Rachel Hewitt's Revolution of Feeling is a pacy romp through modern historyby Gabriel Byng / November 14, 2017 / Leave a comment
When reflecting on a decade during which regicide and rebellion had traversed European politics, Edmund Burke would nevertheless describe the “revolution in sentiments” as “the most important of all revolutions.” There was stiff competition for the title in the 1790s, the decade Rachel Hewitt examines, but Burke was right that the emotions had taken on an unprecedented political salience. Radicals and reactionaries debated whether to embrace a passionate love of homeland or encourage hot-blooded fury at the conditions of the poor. Were emotions most naturally part of political culture or of personal introspection, they wondered. Should they be released, repressed or tempered by reason?
Hewitt argues that, from a decade in which feelings had been politically mobilised, a new era emerged in which they were turned inwards, depoliticised and often maligned. Disappointments in France produced an age of caution, gloom and individualism, and the emotions, in theory and in practice, fell into line.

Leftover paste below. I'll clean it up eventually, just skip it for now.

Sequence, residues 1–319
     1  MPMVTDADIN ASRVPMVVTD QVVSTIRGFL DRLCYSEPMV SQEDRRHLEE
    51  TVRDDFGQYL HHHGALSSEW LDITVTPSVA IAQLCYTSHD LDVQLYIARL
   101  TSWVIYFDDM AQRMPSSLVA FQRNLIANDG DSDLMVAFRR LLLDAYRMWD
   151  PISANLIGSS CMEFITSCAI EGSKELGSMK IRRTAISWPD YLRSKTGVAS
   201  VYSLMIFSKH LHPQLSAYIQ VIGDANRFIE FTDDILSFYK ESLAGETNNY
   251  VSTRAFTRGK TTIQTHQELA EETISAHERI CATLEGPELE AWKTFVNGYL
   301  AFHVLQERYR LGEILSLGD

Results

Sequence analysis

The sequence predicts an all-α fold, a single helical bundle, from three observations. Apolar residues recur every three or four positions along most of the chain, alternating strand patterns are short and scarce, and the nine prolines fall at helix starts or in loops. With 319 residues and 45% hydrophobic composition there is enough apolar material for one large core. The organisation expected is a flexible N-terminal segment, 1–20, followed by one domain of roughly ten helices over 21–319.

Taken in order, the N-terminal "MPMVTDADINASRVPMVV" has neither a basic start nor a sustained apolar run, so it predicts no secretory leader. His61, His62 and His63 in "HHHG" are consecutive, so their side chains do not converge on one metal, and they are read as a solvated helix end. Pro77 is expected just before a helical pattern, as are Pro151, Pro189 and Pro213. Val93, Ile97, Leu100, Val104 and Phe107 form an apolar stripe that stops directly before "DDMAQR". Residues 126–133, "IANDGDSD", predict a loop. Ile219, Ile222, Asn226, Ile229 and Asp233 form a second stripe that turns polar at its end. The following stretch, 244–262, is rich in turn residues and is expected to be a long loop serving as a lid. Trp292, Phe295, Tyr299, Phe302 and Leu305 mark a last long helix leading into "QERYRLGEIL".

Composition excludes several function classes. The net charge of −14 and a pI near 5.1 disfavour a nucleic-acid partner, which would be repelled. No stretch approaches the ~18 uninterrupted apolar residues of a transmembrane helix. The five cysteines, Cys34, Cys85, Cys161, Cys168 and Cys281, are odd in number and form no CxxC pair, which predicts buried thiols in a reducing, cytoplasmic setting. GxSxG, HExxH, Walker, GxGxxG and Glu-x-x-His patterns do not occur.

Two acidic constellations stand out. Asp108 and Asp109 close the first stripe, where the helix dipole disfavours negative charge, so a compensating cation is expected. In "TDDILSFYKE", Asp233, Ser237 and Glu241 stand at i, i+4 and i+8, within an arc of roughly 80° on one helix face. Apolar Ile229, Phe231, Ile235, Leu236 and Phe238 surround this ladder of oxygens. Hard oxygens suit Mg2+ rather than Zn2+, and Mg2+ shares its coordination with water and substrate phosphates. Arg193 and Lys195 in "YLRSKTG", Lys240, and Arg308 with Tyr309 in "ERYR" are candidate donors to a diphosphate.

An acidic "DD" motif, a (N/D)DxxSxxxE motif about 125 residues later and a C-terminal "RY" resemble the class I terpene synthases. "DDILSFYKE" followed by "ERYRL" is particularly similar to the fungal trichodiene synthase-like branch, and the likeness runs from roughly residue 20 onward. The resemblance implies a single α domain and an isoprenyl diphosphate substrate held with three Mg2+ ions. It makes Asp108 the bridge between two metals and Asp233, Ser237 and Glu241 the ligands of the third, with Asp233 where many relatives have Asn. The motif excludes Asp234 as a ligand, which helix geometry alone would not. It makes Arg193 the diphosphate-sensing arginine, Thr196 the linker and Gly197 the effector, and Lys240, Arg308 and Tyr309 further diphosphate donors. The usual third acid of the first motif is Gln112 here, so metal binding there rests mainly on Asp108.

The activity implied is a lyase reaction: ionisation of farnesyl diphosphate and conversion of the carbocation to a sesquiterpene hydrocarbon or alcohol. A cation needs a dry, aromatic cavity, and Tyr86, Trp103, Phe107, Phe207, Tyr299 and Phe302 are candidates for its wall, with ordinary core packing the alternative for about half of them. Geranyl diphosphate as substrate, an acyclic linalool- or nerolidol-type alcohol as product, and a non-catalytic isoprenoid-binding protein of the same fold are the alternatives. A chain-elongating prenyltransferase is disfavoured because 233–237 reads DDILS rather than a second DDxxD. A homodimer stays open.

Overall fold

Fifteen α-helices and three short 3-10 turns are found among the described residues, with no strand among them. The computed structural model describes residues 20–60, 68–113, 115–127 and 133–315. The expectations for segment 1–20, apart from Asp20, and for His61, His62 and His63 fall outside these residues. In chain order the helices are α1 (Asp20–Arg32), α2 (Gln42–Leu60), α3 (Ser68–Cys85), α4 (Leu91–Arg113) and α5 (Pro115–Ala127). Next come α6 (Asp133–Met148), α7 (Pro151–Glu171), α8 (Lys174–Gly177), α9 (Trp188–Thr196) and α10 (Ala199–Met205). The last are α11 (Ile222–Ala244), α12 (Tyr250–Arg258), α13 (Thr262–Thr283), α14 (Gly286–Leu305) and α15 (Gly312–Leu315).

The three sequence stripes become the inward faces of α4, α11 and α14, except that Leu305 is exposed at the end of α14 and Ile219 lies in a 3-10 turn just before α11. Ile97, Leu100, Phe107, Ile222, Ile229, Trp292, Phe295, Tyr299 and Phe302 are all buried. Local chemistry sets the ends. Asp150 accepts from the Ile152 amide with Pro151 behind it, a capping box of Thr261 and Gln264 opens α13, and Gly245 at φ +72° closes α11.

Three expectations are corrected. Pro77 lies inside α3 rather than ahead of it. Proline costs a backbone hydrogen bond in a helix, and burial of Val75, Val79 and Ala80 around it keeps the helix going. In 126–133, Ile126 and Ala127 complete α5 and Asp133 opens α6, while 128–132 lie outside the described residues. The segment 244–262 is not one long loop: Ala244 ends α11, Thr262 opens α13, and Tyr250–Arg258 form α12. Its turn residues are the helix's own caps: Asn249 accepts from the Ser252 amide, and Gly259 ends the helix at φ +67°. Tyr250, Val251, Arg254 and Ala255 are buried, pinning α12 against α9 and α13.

Her achievement is in translating an important recent field of historical research into gripping prose but also a work of pacy historical narrative. She does this by expanding the book’s scope to include excursions into her protagonists’ biographies and the most dramatic events of the French Revolution, familiar stories perhaps but which balance the political with the personal, the idea with the individual. Her introduction is a clear-eyed primer to the history of emotions, spanning physiology, anthropology and evolutionary biology, while remaining faultlessly even-handed between academic factions.
There are problematic passages—an occasional strained metaphor (the amygdala “nestles like an ovary,” “coiled” to release “missives”), sometimes incongruous diversions to present-day politics (Brexit makes an appearance), and physical descriptions that veer towards Mills & Boon (“beseeching blue eyes sat atop rugged features”). But the clarity and subtlety of Hewitt’s explication makes for an exemplary piece of popular history writing.
A Revolution of Feeling: The Decade that Forged the Modern World by Rachel Hewitt is published by Granta (£25)